New Orleans' Old World roots have created a strong foundation and long-standing appreciation for the arts. Early residents of the city often traveled back to Europe for musical instruction or training in the visual arts, and operatic performances took place in the city as early as 1796.
Today the scene thrives via countless galleries, performance spaces and museums. But perhaps what sets our cultural institutions apart from those of other cities is their ability to embody the joie de vivre (joy of life) so prevalent in New Orleans. So whether it is a Ralph Brennan restaurant in the New Orleans Museum of Art or Thursday night musical performances at the Ogden Museum of Southern Art, New Orleans' unique culture and love of food, music and fun blends perfectly with our vibrant arts scene creating experiences you can't find anywhere else.
Here you can learn more about some of the city's most popular cultural institutions and attractions.
This opera association carries on a performing arts tradition dating back to 1796, when the first opera in North America was performed in New Orleans.
The only musician-owned orchestra in North America is led by musical director Carlos Miguel Prieto, a rising star in the U.S. and Mexico for his dynamism and expressivity.
This nationally-recognized ballet association is the region's premiere presenting and service organization dedicated solely to the art of dance. NOBA's dynamic season features stellar performances from a variety of world-class dance companies.
New Orleans' only year-round professional theater, focuses on bold new-world and regional premiers by American playwrights.
The premier art museum of the Gulf South is world-renowned for its photography, decorative glass collection and its collections of French, Asian, African and American art.
This University of New Orleans museum is an affiliate of the Smithsonian Institution and home to the largest and most comprehensive collection of Southern art in the world.
Located in the heart of the New Orleans Arts District, the CAC is home to bold experiments in painting, theater, photography, performance, music, video sculpture and more.
This studio offers breathtaking demonstrations of glassmaking and invites visitors to participate in the design process. The studio offers a range of demonstrations, from glassblowing and glass torch-working to copper enameling and Italian-style marbling.
Over 20 local artists own and operate Dutch Alley Artist Co-op. Any day there are three or four artists working at the gallery. Local art from Katrina salvaged materials, blown glass, wood-turnings, Raku pottery, hand-dyed silk items, custom jewelry, photography and paintings are just a few of the unique original artwork items that can be found in the gallery.
Located in the French Quarter, this collection is the best introduction to New Orleans history you can get. Four exhibition spaces depict the multicultural stories of the region, from permanent displays on the evolution of Louisiana to rotating art and history exhibits.
This flagship building of The Louisiana State Museum is the site of the Louisiana Purchase. The building served as the Louisiana State Supreme Court until 1908 and was the location of the landmark decision in Plessy v. Ferguson in 1892. Today it houses exhibitions on the Purchase and on Louisiana history, including one of Napoleon's death masks.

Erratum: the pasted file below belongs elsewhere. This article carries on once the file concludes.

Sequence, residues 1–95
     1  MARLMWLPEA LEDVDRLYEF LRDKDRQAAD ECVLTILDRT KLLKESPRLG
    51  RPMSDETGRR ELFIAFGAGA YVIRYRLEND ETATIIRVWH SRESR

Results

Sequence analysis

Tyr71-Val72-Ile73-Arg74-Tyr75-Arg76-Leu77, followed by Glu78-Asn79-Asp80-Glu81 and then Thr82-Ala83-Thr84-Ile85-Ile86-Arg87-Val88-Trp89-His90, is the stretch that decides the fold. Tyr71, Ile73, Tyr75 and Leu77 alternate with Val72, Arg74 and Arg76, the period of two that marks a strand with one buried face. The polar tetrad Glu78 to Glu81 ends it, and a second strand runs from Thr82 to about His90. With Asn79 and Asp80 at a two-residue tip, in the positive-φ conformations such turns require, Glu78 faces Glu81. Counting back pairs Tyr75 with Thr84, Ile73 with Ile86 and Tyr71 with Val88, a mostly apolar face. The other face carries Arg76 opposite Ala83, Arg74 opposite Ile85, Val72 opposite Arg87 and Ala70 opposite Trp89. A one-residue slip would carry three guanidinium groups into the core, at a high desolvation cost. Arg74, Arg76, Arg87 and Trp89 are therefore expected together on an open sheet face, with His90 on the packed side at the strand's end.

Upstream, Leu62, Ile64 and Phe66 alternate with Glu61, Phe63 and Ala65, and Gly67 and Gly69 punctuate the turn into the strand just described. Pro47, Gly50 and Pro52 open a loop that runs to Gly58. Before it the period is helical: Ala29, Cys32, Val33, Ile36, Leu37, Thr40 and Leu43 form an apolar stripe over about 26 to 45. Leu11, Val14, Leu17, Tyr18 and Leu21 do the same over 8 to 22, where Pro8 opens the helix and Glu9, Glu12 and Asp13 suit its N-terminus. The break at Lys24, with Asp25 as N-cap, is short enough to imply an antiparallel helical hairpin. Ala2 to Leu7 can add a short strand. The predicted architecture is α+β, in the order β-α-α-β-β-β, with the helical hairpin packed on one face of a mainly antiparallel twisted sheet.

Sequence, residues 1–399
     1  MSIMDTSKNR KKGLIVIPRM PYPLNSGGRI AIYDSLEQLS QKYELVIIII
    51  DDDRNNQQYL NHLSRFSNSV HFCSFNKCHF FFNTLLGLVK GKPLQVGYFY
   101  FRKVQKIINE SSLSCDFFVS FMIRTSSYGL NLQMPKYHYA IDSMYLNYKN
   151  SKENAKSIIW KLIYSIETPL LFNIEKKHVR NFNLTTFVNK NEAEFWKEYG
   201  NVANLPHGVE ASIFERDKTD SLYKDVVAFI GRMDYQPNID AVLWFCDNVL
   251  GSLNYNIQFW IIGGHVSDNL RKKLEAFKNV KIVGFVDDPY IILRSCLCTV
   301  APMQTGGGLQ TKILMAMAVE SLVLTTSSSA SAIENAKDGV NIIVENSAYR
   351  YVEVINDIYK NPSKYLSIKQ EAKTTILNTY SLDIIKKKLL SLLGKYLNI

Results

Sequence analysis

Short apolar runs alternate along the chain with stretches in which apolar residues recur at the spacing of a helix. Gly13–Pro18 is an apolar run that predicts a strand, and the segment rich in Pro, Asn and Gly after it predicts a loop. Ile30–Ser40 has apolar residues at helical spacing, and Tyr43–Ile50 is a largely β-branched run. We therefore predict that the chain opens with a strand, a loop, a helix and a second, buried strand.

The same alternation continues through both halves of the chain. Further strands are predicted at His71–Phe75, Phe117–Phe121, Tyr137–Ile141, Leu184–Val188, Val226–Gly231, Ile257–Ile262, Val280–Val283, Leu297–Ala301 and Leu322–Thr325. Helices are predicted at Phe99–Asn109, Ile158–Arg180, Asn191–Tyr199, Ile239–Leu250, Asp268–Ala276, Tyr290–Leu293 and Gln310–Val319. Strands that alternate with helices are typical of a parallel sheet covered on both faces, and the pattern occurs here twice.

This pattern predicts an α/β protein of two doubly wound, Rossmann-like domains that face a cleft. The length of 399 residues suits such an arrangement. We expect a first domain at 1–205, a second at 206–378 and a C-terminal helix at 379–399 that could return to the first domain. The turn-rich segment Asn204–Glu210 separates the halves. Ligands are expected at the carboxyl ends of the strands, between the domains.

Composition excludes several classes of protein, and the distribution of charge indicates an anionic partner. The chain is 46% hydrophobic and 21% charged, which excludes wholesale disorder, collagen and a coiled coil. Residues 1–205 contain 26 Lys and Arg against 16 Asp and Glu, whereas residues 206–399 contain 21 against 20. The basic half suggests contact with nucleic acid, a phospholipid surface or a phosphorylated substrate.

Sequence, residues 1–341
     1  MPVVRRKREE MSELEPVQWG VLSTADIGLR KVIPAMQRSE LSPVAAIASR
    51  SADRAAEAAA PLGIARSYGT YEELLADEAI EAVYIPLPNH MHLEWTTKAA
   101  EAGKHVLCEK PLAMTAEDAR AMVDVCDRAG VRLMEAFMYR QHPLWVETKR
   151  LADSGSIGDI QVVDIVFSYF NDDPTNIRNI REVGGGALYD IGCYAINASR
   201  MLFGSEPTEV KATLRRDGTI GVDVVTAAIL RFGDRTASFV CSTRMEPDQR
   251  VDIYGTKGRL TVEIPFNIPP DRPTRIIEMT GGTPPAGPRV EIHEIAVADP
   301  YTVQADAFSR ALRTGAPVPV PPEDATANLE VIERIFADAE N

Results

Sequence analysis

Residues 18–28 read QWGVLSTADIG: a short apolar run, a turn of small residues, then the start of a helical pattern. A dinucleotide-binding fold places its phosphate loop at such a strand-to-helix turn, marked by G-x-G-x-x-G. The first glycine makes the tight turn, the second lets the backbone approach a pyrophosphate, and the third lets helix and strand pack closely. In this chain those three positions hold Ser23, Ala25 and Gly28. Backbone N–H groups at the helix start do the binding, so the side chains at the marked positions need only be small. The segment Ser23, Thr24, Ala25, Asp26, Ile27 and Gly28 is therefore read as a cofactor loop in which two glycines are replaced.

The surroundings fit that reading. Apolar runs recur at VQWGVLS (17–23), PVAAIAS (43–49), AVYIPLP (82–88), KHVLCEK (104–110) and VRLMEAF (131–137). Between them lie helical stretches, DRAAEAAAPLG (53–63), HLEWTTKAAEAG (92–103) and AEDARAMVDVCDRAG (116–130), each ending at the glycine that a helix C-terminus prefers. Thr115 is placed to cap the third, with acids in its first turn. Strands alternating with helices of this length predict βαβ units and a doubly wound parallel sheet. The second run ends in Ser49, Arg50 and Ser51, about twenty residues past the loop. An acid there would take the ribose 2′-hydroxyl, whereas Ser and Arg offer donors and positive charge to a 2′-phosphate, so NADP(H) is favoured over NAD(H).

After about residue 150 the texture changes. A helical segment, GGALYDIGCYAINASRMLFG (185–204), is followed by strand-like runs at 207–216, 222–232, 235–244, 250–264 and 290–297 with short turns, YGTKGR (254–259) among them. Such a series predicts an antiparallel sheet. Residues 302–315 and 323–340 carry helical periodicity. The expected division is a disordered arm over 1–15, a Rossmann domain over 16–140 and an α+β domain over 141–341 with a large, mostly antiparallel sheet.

Designed in 1791 to match the Cabildo, the Presbytere is located beside St. Louis Cathedral and was originally the residence of the Capuchin Monks. The museum's two permanent exhibits include a celebration of Mardi Gras and a commemoration of Hurricane Katrina.
Located at 632 Dumain Street in the French Quarter, Madame John's is an excellent example of Louisiana Creole residential design at the end of the 18th century and is now a National Historic Landmark. The architectural complex consists of three buildings: the main house, kitchen with cooks quarters and two-story garconniere. It, too, is part of The Louisiana State Museum.
The Old U.S. Mint is the only building in America to have served as both a U.S. and Confederate Mint. In 1981, the Greek Revival-style National Historic Landmark opened to the public as a museum. The Mint now houses an extensive jazz exhibition, including Louis Armstrong's first cornet, Fats Domino's piano and much more. You can even catch live performances at the historic building as a part of their Music at the Mint program.
A prime example of antebellum architecture in New Orleans, the 1850 House offers a glimpse of middle- and upper-class life during the most prosperous period in New Orleans' history. The house is a part of the Lower Pontalba Building, which was built by the Baroness Pontalba and was the first apartment building in the United States.
Located in the historic Faubourg Tremé, one of America's oldest black neighborhoods, the museum is comprised of 7 historic buildings and is anchored by the lovely Tremé Villa. The museum features rotating exhibits as well as a fine collection of African artwork and crafts. The museum acts as a gateway the Tremé and offers walking and bus tours of the neighborhood.
This historical gem transports you to a time when victory hung in the balance. Guaranteed to move and educate, The National WWII Museum features a 4D cinematic experience, interactive exhibits, soaring aircraft, personal histories and more.